• Intermittent connections can be made using dial-up links, and variations of FidoNet and Sneakernet. FidoNet depends on the existence of phone lines with reasonable night-time rates. Each server in the net calls a few of its nearest neighbors at night to exchange e-mail and other files. Nationwide propagation takes a few days. Sneakernet simply means taking data on removable media or portable computers from one computer to another. The data rate on transferring a single rewritable CD by walking from one village to another once a day is 700 MB / (24 hrs/day * 3600 sec/hr) = 8100 bytes/sec = 64.8 Kbps, somewhat more than a 56K modem.
  • Taking ten or a dozen CDs to different villages by bicycle or motor scooter, or even by bus, multiplies the data rate accordingly. Using rewritable DVDs multiplies it again. USB capable DVD recorders are available for under $100.
  • Bhutan has been experimenting with delivery of e-mail to villages by the postal service using Simputers, over a wireless national network built by Clif Cox of SFLAN.
  • First Mile Solutions - DakNet uses Mobile Access Points (Wi-Fi Vehicles). They provide a service with data delivery by Wi-Fi enabled motorbikes and buses. They visit villages and transfer data to/from Wi-Fi enabled kiosks. Local people use the kiosks for email, SMS, voicemail, web searches, and other local products and services. The villagers can buy and sell products (medicines, craft-items, seeds, fertilizers, books, cosmetics, music) through the kiosks. The goods are delivered to them on the same vehicles as the data. This social-enterprise company was set up by people from MIT to provide low-cost data services, at prices as low as $1 per user per month. ‘Dak’ is a Hindi word for ‘Post’ or ‘Postal’.
  • KioskNet - Village kiosks for information services, email, etc, served by a Wi-Fi vehicle. Open-source software to use or adapt. Each kiosk costs only $100 to $700.
  • United Villages Their website says "United Villages provides villagers in Asia, Africa, and Latin America with a digital identity and access to locally-relevant products and services using our low-cost, store-and-forward "drive-by WiFi" technology. Our Mobile Access Points (MAPs) are installed on existing vehicles (e.g. buses and motorcycles) and automatically provide access for WiFi-enabled Kiosks along the roads."
  • Long-distance Wi-Fi Mesh – AirJaldi, a social-enterprise provides data-delivery in India by long-distance Wireless Mesh (a chain/mesh of repeaters), following the deregulation of Wi-Fi for outdoor use. It provides file transfer at 6Mbps and VOIP (Voice-Over-IP) Telephony to 30 nodes and 2000 computers. The Airjaldi Mesh Routers use only 4 Watts, from Solar Panels.

Web-access by email

In some parts of the world, there are no ISPs (Internet Service Providers) offering web-accces, just email-only access to the internet. In such cases, an Email Auto-responder, can be used to get web-pages.

Public email auto-responders like this already exist, but they are often overloaded and not working. An email auto-responder restricted to OLPC schools would be better. A private auto-responder would avoid overload and mean that additional functions could be added, to get copies of small websites, web-directories, search-engine results, eBooks, Software, learning-material, etc.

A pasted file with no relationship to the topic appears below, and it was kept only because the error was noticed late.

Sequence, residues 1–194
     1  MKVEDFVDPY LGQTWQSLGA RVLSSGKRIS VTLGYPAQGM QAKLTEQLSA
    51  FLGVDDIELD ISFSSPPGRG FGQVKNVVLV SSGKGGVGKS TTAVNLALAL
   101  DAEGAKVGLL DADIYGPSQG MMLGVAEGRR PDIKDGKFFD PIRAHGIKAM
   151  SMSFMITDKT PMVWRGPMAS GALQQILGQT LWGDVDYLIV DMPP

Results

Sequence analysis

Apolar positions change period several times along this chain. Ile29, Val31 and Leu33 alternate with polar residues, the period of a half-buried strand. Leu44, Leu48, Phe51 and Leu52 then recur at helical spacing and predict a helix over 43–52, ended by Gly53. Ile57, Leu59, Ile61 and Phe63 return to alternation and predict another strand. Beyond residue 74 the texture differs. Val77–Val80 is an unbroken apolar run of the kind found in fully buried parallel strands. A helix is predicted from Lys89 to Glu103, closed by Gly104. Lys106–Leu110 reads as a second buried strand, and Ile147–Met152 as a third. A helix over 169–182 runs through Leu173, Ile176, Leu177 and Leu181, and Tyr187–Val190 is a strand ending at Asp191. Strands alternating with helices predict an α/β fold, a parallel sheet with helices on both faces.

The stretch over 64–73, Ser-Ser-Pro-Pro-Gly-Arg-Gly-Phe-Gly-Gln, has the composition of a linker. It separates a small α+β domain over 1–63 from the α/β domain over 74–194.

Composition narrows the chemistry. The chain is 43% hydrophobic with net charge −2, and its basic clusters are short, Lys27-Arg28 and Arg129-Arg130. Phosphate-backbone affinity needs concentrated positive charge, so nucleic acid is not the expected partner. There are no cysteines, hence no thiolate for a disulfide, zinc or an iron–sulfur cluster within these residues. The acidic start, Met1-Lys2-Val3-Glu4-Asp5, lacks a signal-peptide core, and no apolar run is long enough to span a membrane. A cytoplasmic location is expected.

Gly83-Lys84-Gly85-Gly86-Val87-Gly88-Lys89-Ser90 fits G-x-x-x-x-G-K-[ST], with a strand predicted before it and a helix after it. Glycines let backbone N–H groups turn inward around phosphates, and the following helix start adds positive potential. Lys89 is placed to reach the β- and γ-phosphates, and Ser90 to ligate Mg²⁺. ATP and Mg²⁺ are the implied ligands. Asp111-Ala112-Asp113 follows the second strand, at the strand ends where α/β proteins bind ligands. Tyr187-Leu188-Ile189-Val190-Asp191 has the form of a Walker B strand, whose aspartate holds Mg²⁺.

The ability to obtain web-pages would give children and teachers in these email-only areas much greater access to information and some limited hands-on experience of the World Wide Web. The service could be restricted to web-pages from a private OLPC internet for a particular country, to ensure content is suitable for children.

See the list of Open Source email auto-responder software in the 'Web access via email' section of the eBook How To Accelerate Your Internet.

Accessing the internet on slow connections

Bandwidth management

The BMO (Bandwidth Management and Optimization) Book Sprint Team website has a free eBook How To Accelerate Your Internet - A practical guide to Bandwidth Management and Optimisation using Open Source Software. It covers all aspects of getting the best performance out of a slow internet connection (Dial-Up Modem, etc). It includes configuring servers and browsers, etc, and Bandwidth Management, so that each user gets a fair share of the bandwidth on a shared connection, preventing large file-downloads, peer-to-peer file-sharing and VOIP phone calls slowing it down for everyone else.

Text-only browsing

There are various websites for accessing the web on slow connections, displaying text, not graphics. For example Aidworld/Aptivate has a website called Loband.

Web-page compression

'Web-page compression' is another way to speed-up web-browsing and reduce page load-times. If children are only allowed access to websites on a virtual-private OLPC internet, then each site can be compressed using a specialized program when it is published on the web-server. If they are accessing other people's public internet sites then some ISPs offer page-compression (advertised as a ratio of 5:1), where user's set-up there browsers to get pages via the Internet Service Provider's proxy server. If an ISP doesn't offer it, then the OLPC project could set up their own proxy server for schools to use. The web-browser requests a page, the proxy server gets it from the website, compresses it and returns it to the browser. Most browsers support open compression standards and can decompress the page. If not, plug-in software can be installed.

There are commercial programs for web-page compression, such as OnSpeed.

For more information, see - HTTP Compression and Wikipedia: High-speed Dial-Up.

--Ricardo 12:53, 14 September 2007 (EDT)